Please join us March 21st for this fun evening of entertainment by Chick Morgan to support the water stewardship programs of the Wimberley Valley Watershed Association. Only 30 seats available! “Jazzed For Justice” is the brainchild of the WUUHOOs (Wimberley Unitarian Universalists Helping Others Out). We are members and friends of the San Marcos Unitarian Universalist Fellowship, all living in the Wimberley Valley area. Our purpose is to support local issues of justice and sustainability, in keeping with Unitarian Universalist values. For this concert, we have selected the Wimberley Valley Watershed Association for our donations. Nobody has worked harder to protect this vital resource in our area.


Register Today!

Wednesday, February 11, 2015

Texas Tribune Article About Isaac EP Wimberley Meeting 2/10/2015 Hays Water Fight Portends Battles to Come

Hays Water Fight Portends Battles to Come  
Feb. 11, 2015, by Neena Satija 
 photo by: Axel Gerdau
WIMBERLEY — Hundreds of people packed a community center Tuesday night to demand that state Rep. Jason Isaac, R-Dripping Springs, stop a commercial groundwater-pumping project in Hays County. Not that there is much he can do to stop it.

But their wrath underscored an issue likely to flare up repeatedly across the state as water supplies dwindle and the population keeps growing: Texas' approach to managing groundwater is increasingly incompatible with the demographics and growth patterns of the state. And possible solutions are hard to find amid bruising local politics, deep-pocketed business interests and small-government-minded legislators.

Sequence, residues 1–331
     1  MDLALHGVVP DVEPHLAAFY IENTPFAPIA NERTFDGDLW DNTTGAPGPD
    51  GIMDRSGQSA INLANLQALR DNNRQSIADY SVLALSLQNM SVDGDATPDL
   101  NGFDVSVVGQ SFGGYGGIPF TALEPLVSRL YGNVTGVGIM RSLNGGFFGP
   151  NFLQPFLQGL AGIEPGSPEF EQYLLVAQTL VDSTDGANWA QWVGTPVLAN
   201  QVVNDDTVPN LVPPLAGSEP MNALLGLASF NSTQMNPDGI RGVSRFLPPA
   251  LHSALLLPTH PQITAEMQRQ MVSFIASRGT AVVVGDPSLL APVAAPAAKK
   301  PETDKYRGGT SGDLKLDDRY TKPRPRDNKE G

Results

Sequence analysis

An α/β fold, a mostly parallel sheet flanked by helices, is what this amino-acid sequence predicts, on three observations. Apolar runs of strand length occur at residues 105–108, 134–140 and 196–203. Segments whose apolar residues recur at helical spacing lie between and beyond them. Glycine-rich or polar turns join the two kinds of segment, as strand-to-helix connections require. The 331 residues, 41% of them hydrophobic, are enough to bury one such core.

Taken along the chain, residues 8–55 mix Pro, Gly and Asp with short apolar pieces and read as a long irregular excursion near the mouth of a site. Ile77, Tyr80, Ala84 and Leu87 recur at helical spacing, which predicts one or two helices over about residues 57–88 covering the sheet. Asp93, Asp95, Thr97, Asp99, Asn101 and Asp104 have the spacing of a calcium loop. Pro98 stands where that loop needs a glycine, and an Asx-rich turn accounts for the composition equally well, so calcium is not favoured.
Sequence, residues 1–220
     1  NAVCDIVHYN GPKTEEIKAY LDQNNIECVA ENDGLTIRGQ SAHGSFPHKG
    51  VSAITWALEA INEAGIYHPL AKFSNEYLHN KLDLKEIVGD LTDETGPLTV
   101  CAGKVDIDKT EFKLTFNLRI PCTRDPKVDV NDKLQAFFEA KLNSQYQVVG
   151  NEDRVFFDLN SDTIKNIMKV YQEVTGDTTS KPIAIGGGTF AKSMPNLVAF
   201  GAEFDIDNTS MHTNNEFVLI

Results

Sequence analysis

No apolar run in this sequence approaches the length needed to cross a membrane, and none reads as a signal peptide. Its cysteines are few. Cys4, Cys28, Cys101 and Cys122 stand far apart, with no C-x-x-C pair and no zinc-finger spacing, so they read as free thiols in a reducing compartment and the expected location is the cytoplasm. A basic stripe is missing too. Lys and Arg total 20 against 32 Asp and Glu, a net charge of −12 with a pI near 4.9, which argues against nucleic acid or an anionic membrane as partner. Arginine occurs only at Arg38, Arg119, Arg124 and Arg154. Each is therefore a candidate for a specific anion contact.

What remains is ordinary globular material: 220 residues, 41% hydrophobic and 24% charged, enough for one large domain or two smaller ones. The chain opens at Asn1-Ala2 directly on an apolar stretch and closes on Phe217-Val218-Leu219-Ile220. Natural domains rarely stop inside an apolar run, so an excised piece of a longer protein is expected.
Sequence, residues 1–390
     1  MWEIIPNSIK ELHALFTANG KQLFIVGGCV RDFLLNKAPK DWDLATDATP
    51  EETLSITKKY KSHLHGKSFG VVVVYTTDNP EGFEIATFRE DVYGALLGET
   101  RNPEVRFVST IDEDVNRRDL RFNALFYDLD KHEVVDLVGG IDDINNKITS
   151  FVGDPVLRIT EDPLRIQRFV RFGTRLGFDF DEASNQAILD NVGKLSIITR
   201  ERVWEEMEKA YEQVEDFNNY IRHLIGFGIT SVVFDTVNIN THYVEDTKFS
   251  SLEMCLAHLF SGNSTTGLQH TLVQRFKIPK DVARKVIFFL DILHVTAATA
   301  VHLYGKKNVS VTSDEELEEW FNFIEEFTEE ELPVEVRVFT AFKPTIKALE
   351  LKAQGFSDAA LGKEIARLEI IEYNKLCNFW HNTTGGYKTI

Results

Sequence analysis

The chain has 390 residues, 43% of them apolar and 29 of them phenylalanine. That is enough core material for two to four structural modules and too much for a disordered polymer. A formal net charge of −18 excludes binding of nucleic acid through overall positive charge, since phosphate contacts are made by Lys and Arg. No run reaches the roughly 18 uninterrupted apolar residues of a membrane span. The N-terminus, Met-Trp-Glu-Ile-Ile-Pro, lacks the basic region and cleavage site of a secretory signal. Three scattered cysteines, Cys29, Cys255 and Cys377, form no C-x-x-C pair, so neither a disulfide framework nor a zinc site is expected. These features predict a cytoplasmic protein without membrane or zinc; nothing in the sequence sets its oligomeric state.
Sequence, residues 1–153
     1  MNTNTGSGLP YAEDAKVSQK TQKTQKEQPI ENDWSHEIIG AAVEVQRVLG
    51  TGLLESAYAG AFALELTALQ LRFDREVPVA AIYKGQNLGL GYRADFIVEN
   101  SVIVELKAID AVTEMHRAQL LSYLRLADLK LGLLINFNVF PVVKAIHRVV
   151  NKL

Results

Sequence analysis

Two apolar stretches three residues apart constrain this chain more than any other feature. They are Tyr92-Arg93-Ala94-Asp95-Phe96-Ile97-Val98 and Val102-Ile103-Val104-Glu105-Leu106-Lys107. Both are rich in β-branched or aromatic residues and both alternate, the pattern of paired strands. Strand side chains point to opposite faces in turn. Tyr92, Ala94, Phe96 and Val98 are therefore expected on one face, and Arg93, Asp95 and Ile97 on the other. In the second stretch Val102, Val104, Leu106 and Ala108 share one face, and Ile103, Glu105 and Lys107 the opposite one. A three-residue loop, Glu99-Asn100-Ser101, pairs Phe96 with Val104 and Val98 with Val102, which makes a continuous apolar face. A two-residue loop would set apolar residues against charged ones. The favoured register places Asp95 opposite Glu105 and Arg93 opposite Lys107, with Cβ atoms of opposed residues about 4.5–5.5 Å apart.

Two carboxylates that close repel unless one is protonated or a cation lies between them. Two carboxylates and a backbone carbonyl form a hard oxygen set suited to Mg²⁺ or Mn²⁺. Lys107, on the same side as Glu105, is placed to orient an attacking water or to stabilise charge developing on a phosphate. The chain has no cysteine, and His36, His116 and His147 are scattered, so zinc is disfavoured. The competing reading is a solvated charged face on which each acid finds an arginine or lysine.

If the town hall meeting called by Isaac is any indication, the fights will not be gentle. 
The community center was decorated with signs that read "EP go home!!!" and the cheeky, "They pumped paradise and put up a subdivision." Public officials and an angry crowd used the meeting to shame those who would profit from the Hays County deal. "We don't want you here. We want you to leave," said Hays County Commissioner Will Conley, pointing directly at Tim Throckmorton.

Throckmorton owns Houston-based Electro Purification, or EP, which is planning to pump more than 5 million gallons of water each day from the Trinity Aquifer in western Hays County, where no groundwater regulator has any authority. That's far more water than has ever been pumped in the region, and area hydrologists fear it could have devastating effects on the wells most nearby residents rely on.

Conley's verbal assault drew cheers and a standing ovation from the crowd. And a presentation from Clark Wilson, who is building a community of homes and hopes to buy EP's water, drew jeers from the audience. "Apparently, none of y'all live in my homes," he said defiantly, while people laughed at pictures of his planned neighborhood complete with green lawns, a lake and a neighborhood swimming pool. 

Throckmorton, too, looked embattled. "Our customers have come to us and asked us, can we come up with a solution to their problem" of a water shortage, he told the audience. "And at this point, we're not sure we can." Hydrologists who spoke before Throckmorton acknowledged that wells near EP's may go dry because of the company's pumping. 

The controversy has spurred residents into action all over the county, but especially in the Rolling Oaks subdivision, a neighborhood of about 300 families just a few miles from the proposed well fields. Signs that read "Save Our Wells" and "Stop the Water Grab" are planted in many front yards, and cars sport bumper stickers reading "Buda, please don't suck us dry." (EP wants to sell its water to the fast-growing city of Buda and new planned subdivisions in the area, including Wilson's.)